Uniquely Coco Lomein Guisado

As a continuation of my previous post featuring Lar’s Buko Batchoy in Iloilo, is another coconut-infused noodle dish that in my opinion is very unique to this eatery. In recent years, Pancit Buko is emerging as a popular variety of pancit in Metro Manila and in a number of provinces such as Quezon, Laguna and Pangasinan – provinces where buko or coconut is one of the thriving industry. Although neither Iloilo nor Antique are known as coconut producing provinces, coconut has been the primary attraction of some eateries such as Lar’s. When I ordered their Coco Lomein Guisado, I was kind of expecting the dish to be like their own version of the Pancit Buko.

cocolomien1
Coco Lomein Guisado by Lar’s, Mandurriao, Iloilo

The dish is also served in a fresh coconut shell but makes use of real fresh thick miki noodles similar to the ones used in lomi. The noodles are cooked with slices of carrots, cabbage, pork meat, fat and liver garnished with pieces of chicharon, fried garlic bits and spring onion slices. Calamansi is also topped as its souring agent. Similar with their Buko Batchoy, Coco Lomein Guisado is a bit sweet due to the added coconut water in the stock used to cook the noodles. But there were no added shreds of coconut meat to it which I believe could have also made it a little more dynamic. In my opinion they could have also made the dish better if they retained a little sauce to it as it is a little too dry.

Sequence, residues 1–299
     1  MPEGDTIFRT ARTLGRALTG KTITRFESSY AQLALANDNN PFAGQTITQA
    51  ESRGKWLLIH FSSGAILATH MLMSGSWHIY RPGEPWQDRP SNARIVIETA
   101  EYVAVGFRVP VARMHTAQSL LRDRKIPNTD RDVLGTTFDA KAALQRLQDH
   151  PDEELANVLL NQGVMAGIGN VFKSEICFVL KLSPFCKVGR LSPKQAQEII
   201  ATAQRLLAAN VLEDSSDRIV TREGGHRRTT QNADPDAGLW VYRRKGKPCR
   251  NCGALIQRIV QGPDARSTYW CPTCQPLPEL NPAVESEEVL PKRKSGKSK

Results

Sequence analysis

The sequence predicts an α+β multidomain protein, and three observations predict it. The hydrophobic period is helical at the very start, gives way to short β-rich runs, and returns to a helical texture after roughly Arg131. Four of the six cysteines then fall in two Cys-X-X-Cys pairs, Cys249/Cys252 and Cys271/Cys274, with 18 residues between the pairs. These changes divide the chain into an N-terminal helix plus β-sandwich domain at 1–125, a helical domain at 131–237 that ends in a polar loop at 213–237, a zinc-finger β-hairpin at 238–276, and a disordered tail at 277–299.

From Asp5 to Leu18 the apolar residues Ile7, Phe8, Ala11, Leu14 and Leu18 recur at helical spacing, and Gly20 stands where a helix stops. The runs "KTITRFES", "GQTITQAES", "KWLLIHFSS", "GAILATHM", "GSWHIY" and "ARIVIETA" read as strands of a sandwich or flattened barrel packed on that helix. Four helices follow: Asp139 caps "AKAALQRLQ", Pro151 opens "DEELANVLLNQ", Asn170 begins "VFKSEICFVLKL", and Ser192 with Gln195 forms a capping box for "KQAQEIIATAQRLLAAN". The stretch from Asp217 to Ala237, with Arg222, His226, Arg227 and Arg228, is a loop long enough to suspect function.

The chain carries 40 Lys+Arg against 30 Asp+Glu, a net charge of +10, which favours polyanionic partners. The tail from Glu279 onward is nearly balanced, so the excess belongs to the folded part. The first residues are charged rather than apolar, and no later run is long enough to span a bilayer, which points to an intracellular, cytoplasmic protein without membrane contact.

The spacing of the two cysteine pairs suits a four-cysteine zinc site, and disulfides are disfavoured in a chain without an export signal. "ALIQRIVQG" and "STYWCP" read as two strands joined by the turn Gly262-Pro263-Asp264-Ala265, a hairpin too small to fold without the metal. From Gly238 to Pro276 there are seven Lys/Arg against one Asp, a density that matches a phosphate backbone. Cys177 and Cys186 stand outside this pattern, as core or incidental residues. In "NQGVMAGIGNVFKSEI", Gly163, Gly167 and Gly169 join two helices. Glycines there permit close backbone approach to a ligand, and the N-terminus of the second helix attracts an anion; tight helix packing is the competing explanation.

An order of Coco Lomein Guisado is at Php.75.00. Interestingly, since I wasn’t able to finish my orders of it and the Buko Batchoy, the owner wrapped the orders for me on the same coconut shells, sticking the chopped off upper part back to the shell as its cover.

The name of this dish is appealingly unique in my opinion since it enumerates all the elements that influenced its creation. Coco – having coconut as the twist to it. Lomein – a Chinese term used to refer to their stir-fried wheat noodles (“lo” meaning “mixed” and mein for “noodles”) a predecessor of the Filipino pancit we all know and love and guisado as the cooking method taught to us by our Spaniard colonizers of sauteing on a little oil with onions and garlic.

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Lar’s Buko Batchoy on the upper right and Coco Lomein Guisado on the lower left

Lar’s Buko Batchoy: Mandurriao, Iloilo City, Iloilo

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